This sort of proof-by-assertion is standard for makers of energy savers, magical mileage-improving fuel additives, magnetic anti-arthritis bracelets, ultrasonic pest repellers, literally-magic "money magnets" and so on. There are hundreds - heck, probably thousands - of companies of this sort, big and professional enough to put together a sales package like Keseco's. But even when these companies manage to get large amounts of money from canny investors, they never, ever do the proper tests that would let them actually prove their claims and take the giant step up to their rightful place high up the Fortune 500 list. Instead, they sell (or attempt to sell) their products one at a time, direct to consumers whose own standards of evidence are satisfied by the testimonials presented.

(Often, there's a hybrid middle level between the company-that-should-do-some-proper-tests and the gullible consumers. That level is occupied by the gullible distributor, who liked the product so much he bought a franchise, but who has not yet realised that there's no good reason to suppose the product really does work.)

Keseco's PDF catalogue, and their "Products info" page, also cheerfully claim "Preventing Harmful Electromagnetic Waves" as a feature of their system. I suppose that means your microwave stops working, too. If mobile phones, by some freak chance, do turn out to be bad for you, I suppose your Keseco box will also suck up all of their emissions.

The site and catalogue also say the Keseco boxes "prevent" static electricity. Somehow. Somewhere. And then the catalogue has a picture of what looks like a molecular model of DNA, and then something about Fermi energy. I'd have been completely convinced if only they'd worked in Bose-Einstein condensates and particles with imaginary mass.

The Keseco catalogue also has a number of examples of another standard marker for this sort of business, Irrelevant Certifications Offered As If They Have Something To Do With Whether The Product Works.

There's a Korean patent! A registered design! A trademark! A corporate insurance policy of some sort! Alleged CMA, CE, ANCE, ISO 9001 and RoHS conformance! None of which means the product bloody works!

(Just to make this clear one more time, because it comes up so very, very, VERY often: The Patent Offices in various countries make no attempt whatsoever to determine whether an idea presented for patenting is actually good for anything at all. You don't even have to provide a working model. There's usually some basic screening to keep out blatant perpetual-motion devices {possibly with a caveat that you can patent such a device, but only if you do bring a working model!}, but that's all. All the patent office cares about is whether the idea is sufficiently different from other things that already exist to be worthy of a patent - and most patent offices are so overworked these days that they don't even do this very well. So despite what thousands of crackpots and swindlers have claimed over lo, these many, many years, there is no connection whatsoever between patentability and functionality.)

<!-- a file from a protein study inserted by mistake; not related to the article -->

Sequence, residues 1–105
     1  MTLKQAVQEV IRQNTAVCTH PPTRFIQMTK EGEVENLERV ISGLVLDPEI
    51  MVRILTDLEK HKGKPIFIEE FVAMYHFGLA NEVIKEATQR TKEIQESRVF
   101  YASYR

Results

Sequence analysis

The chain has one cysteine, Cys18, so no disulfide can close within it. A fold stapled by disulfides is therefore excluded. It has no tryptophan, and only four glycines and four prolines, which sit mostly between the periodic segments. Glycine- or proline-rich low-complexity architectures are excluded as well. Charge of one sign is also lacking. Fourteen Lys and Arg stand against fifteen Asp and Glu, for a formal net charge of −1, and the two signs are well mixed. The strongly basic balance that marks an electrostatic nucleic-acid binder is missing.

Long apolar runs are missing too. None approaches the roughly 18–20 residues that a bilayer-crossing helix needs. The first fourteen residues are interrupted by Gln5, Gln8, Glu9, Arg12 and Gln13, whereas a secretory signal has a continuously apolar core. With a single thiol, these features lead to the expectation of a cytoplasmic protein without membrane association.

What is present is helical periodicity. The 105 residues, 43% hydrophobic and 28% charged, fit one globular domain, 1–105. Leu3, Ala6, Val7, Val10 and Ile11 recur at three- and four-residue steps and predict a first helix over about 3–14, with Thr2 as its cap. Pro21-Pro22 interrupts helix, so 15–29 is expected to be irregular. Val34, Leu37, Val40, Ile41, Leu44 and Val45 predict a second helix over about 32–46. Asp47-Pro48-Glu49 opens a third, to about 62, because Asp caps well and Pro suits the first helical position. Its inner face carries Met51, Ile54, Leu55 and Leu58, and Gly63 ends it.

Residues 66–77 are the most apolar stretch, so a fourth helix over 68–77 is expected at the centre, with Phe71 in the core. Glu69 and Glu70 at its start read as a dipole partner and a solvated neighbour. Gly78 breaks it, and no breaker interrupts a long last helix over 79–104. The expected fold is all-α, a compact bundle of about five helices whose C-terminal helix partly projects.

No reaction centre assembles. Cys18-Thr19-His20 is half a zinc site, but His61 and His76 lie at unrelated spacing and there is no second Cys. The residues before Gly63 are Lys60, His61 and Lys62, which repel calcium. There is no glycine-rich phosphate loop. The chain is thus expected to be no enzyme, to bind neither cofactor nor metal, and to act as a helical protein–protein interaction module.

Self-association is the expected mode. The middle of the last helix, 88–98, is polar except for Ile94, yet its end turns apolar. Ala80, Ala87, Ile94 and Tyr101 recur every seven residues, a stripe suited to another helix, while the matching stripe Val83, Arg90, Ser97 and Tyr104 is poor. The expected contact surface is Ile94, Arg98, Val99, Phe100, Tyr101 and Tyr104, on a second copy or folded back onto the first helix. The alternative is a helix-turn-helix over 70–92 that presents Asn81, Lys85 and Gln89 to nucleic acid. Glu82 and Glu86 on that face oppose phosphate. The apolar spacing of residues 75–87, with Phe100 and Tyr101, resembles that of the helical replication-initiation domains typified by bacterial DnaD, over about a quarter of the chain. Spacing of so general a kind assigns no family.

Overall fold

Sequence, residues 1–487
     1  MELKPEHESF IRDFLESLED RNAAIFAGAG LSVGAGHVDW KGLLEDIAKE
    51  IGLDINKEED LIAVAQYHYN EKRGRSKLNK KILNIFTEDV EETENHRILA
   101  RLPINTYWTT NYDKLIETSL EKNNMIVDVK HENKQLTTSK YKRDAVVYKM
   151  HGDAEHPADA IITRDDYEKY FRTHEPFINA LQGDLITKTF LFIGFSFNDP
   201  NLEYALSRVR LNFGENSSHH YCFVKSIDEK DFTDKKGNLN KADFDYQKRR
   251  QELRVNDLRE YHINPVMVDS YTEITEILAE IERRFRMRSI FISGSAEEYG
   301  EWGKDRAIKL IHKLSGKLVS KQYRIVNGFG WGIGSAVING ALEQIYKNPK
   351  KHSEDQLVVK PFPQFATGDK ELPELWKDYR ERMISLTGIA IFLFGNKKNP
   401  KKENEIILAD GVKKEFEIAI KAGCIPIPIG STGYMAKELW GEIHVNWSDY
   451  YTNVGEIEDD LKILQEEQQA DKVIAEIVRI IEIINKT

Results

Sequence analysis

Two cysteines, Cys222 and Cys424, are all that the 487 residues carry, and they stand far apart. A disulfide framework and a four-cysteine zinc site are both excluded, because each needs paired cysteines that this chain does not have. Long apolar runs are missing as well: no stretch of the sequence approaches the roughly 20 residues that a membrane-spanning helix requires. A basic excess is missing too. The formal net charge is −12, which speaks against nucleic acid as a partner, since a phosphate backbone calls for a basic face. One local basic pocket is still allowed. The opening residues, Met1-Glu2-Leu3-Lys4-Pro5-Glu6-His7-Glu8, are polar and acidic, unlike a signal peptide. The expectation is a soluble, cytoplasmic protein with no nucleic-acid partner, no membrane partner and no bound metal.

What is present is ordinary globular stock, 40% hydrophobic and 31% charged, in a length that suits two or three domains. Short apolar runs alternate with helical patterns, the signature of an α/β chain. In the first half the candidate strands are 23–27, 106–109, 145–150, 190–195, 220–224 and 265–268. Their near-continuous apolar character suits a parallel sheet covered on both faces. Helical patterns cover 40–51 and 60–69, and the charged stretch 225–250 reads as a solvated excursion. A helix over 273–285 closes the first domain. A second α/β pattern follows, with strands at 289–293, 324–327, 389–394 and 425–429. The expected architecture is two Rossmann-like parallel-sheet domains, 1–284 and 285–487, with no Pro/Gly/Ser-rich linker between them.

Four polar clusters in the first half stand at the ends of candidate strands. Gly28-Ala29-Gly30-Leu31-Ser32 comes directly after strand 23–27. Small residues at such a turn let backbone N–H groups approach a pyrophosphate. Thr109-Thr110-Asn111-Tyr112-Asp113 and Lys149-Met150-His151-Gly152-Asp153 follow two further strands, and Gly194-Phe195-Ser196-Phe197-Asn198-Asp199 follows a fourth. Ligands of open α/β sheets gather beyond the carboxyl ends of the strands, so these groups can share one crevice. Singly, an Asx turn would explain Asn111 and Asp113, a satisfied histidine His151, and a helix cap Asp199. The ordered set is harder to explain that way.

I remind you, gentle reader, that all of the wonderful effects Keseco products are supposed to cause are, somehow, created by a box that you just stick in or near the building's breaker box, and wire in parallel with the building's circuits. Whatever those circuits are, and whatever business you're in. It would be entirely churlish to suggest that this is analogous to making a "water saver" that hangs off a T-fitting next to your water meter, thereby impeding or encouraging the water's flow in no way at all. So I won't do that.

I suggest, Andrew, that you just put up with your present electricity bill for another year. By then, either Keseco will be a household name, one of the most profitable corporations in the world, with Nobel Prizes in the pipeline for their engineers... or they'll still be grubbing around with all the other retail sellers of worthless "power saving" talismans.

But oh, dear - the proudly-displayed accreditations in Keseco's catalogue go all the way back to 2004! The site itself has been around since 2002!

(It used to have an awesome flash intro.)

And yet still, no Keseco boxes in every electrical substation. No Keseco boxes the size of Winnebagos hanging off the side of every aluminium smelter. No Nobel Prizes.

I just can't work it out.

(UPDATE: More on the Keseco box.)

8 Responses to “Would you believe... superconductors?”

  1. Anne Says:

    Now now, Fermi energy and Bose-Einstein condensates are highly relevant to superconductors - it's how they work, after all. Not, as you say, that superconductors have any connection to this product, but at least their buzzword scattershot did hit some connected terms.

    I have to wonder, though, who sends you these letters. I mean, they're clearly regular enough readers to know that you regularly rip into magic energy devices, and yet they always manage to have that wide-eyed, innocent, "well gosh, it seems weird to me, but maybe it works!" attitude...